Archive for the ‘Delphi’ Category

From Audi to Volvo, most ‘self-driving’ cars use the same hardware

May 26th, 2016

My actual drive from Washington, DC, to Columbus, Ohio, and back took about 12 hours in total, but thanks to the magic that is time-lapse, you can come with me in a mere 90 seconds. Video edited by Jennifer Hahn. (video link)

On Sunday, my colleague Lee Hutchinson regaled you all with a tale of his semi-autonomous driving adventure in one of Tesla’s high-speed electric chariots. But that’s not the only semi-autonomous (Level 2 self-driving, according to the National Highway Traffic Safety Administration) road trip we’ve conducted here at Ars. You can read all about how we got on with Volvo’s latest and greatest XC90 SUVs in a week or so. Plus, there’s the new Audi A4, which in Dynamic mode really puts the mantra of “trust the machine” to the test as it late-brakes for exits at up to 0.5G. And finally, I was also fortunate enough to have put many miles on an Audi A7 TDI, driving from DC to Columbus, Ohio, and back when I went to visit the Venturi Buckeye Bullet 3.

Much of the technology that underpins these systems is shared among the industry. A handful of companies like Bosch, Delphi, and Mobileye provide sensors, control units, and even algorithms to car makers, who then integrate and refine those systems.

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48-volt mild hybrids: A possible cure for diesel emissions cheats?

May 24th, 2016

Delphi has been testing its 48V mild hybrid system in this Honda Civic turbodiesel. (credit: Delphi)

It’s clear that we need to make our passenger vehicles a lot more efficient if we want to avoid some of the very worst effects of climate change. And it’s also becoming increasingly clear that diesel—which was once looked at in places like Europe as a panacea for this problem—might not be quite so groovy, what with rampant emissions cheating in the auto industry. Delphi, a major vehicle component supplier, thinks it has a real solution to help us with this, in the form of 48V “mild hybrids.”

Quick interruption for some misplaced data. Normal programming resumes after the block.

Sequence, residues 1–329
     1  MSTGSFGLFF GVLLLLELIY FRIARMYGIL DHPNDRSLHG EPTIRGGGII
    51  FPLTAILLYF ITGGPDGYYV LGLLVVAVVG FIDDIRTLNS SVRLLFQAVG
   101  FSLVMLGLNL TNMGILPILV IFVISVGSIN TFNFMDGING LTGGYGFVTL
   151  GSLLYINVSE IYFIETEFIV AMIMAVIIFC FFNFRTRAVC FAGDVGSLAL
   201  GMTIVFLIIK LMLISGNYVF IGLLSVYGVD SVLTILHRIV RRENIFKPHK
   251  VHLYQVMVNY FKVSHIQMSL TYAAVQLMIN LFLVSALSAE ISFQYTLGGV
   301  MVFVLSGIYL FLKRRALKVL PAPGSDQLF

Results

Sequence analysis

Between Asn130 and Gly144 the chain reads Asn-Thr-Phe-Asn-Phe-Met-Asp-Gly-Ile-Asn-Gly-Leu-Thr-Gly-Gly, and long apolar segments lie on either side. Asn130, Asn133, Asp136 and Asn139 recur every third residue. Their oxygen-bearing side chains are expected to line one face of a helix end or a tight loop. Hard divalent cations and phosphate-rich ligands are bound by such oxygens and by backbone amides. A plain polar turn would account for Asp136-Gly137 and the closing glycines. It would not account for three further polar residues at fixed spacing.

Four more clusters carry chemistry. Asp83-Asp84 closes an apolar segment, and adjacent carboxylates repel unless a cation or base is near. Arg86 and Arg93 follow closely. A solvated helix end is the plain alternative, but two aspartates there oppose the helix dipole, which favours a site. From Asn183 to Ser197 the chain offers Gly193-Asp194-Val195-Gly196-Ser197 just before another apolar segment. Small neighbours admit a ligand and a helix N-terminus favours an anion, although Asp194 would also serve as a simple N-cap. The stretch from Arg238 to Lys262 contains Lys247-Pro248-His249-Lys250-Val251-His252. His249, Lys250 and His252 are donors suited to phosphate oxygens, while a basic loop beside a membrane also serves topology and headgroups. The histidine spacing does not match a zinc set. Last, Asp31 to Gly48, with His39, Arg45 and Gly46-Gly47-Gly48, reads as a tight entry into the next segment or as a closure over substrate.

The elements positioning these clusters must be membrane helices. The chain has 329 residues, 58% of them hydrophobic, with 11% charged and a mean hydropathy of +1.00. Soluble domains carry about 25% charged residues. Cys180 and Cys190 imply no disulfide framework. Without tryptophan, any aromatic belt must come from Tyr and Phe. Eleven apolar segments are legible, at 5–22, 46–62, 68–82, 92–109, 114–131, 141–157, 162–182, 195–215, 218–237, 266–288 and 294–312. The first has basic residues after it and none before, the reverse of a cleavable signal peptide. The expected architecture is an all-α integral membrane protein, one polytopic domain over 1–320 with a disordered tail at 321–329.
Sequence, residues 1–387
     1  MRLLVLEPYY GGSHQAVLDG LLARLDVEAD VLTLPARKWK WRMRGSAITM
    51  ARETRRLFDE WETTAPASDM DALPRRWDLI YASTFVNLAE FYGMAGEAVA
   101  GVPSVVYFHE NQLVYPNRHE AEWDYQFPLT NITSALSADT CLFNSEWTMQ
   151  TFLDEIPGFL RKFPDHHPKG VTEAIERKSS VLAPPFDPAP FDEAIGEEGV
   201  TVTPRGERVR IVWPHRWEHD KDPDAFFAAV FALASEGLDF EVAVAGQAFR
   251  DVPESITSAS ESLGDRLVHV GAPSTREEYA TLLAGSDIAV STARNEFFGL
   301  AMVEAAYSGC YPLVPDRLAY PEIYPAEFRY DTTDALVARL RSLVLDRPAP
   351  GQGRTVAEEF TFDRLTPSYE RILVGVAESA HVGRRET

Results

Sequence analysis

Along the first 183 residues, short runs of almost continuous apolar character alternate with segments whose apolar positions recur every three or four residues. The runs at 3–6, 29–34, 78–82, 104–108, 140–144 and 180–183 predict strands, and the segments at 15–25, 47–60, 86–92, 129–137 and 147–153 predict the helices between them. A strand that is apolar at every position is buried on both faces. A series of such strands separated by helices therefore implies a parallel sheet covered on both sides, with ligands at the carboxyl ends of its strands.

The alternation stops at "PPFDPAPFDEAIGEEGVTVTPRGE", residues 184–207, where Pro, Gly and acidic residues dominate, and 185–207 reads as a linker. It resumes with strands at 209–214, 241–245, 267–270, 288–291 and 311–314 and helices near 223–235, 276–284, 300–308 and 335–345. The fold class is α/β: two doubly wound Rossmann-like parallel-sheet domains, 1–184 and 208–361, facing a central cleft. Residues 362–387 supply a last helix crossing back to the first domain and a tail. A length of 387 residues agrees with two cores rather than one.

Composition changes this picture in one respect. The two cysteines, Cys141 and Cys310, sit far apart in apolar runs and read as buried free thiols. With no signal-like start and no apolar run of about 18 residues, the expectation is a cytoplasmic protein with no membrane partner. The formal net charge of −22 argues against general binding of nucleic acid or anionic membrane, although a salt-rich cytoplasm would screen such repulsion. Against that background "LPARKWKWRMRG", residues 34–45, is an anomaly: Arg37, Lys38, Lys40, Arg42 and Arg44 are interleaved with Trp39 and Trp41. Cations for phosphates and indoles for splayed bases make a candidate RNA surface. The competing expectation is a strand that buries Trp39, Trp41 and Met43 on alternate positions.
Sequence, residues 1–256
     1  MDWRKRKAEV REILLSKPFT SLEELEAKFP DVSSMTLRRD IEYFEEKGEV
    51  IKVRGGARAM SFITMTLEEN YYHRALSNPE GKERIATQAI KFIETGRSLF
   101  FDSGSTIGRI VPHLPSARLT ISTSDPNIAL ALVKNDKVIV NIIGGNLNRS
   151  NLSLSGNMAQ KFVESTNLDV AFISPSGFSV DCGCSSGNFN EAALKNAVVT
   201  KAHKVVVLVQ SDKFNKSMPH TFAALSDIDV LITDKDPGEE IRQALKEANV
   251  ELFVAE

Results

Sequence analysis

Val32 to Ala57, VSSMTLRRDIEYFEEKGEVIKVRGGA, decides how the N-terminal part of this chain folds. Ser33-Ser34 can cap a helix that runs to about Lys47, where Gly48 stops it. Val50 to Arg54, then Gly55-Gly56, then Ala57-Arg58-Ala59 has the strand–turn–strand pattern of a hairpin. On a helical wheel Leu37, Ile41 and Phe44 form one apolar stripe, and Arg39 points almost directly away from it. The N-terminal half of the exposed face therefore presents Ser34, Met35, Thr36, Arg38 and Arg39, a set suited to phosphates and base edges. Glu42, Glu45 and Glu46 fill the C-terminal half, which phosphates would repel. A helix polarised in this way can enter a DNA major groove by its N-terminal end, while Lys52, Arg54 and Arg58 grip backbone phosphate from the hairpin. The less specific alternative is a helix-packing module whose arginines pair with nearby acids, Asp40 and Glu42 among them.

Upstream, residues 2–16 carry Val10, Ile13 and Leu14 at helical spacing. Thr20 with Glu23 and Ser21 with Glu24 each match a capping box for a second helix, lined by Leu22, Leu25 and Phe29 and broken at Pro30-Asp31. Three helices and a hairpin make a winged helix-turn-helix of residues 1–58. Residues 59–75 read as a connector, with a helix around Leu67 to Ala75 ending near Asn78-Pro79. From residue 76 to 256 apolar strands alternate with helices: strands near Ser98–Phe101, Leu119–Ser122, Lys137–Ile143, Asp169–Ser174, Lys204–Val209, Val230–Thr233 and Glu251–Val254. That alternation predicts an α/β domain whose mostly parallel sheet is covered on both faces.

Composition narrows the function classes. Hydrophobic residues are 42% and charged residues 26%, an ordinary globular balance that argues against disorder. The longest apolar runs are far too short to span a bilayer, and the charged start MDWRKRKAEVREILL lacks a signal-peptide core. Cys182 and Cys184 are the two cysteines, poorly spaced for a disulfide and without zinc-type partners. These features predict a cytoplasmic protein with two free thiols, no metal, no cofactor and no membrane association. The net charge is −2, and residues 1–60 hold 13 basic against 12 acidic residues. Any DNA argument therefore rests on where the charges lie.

Climate change is such a big problem that even Donald Trump (who says he doesn’t believe in it, publicly) is spending money to defend his properties from sea level rise. Although passenger vehicle emissions are only part of the carbon emission problem, in the US, Europe, and China regulators are taking the problem seriously, with increasingly strict fuel efficiency targets for all new cars. Here in the US, car makers have until 2025 to double their average fuel economy to 54.5mpg, but things are even tighter abroad. China has set 2020 for its deadline, by which time manufacturer averages have to be down to 117 grams of CO2 per km driven, and the following year the EU requires fleet averages of just 95g/km. And along with those targets come hefty financial penalties for missing them.

Several years ago, we took a deep dive into some of the technologies that automakers are looking at to get themselves out of this bind. These features included variable valve timing, small capacity turbocharged engines, gasoline and diesel direct injection, cylinder deactivation, and stop-start functions. But all of those features are being widely deployed across new vehicle fleets, and it’s clear that they won’t be enough. Of course, there’s also the wide world of electrification, like plug-in hybrid electric vehicles and battery EVs, but adoption of EVs of all stripes remains insufficient to really move the needle—even accounting for Tesla’s gigantic Model 3 presales. That’s where the 48V mild hybrid comes in.

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Watch out Google: Delphi gives Ars a ride in its self-driving car

March 21st, 2015

MOUNTAIN VIEW, CA—On Thursday morning I met with Delphi at its Silicon Valley garage. The automotive component maker has been working hard in the high-tech scene, not just developing speakers and interactive navigation products, but also trying to perfect the complex network of sensors and software that will help auto manufacturers offer smarter cars in just a few years.

To demonstrate its progress in the self-driving car scene, Delphi asked Ars to come down and do a ride-along in its tricked out Audi SQ5—which the company will send on the world’s first autonomous-vehicle cross-country road trip next week. The trip is not a stunning announcement, but an indicator of just how far autonomous vehicles have come. Until just a few years ago, self-driving cars were the purview of science fiction. Even just last year, you could probably count the number of people who had been in a self driving car in a short tally, and automakers were heralding stop-and-go cruise control as the cutting edge of technology that would be coming to a wide range of cars in the next few years. Today, the self-driving technology is being fully realized in many labs, not just Google’s, and tomorrow is just over the horizon.

Ars takes a (bumpy) ride in an autonomous vehicle. (video link)

Purple mountains majesty taken by robot auto fleets

When I arrived at the company’s understated Mountain View workshop on Thursday, I was sweating a little bit from the unusually warm day, and I felt wilted from the hour and a half I spent in bumper to bumper traffic to get down there. I was ready to let a robot butler do the driving.

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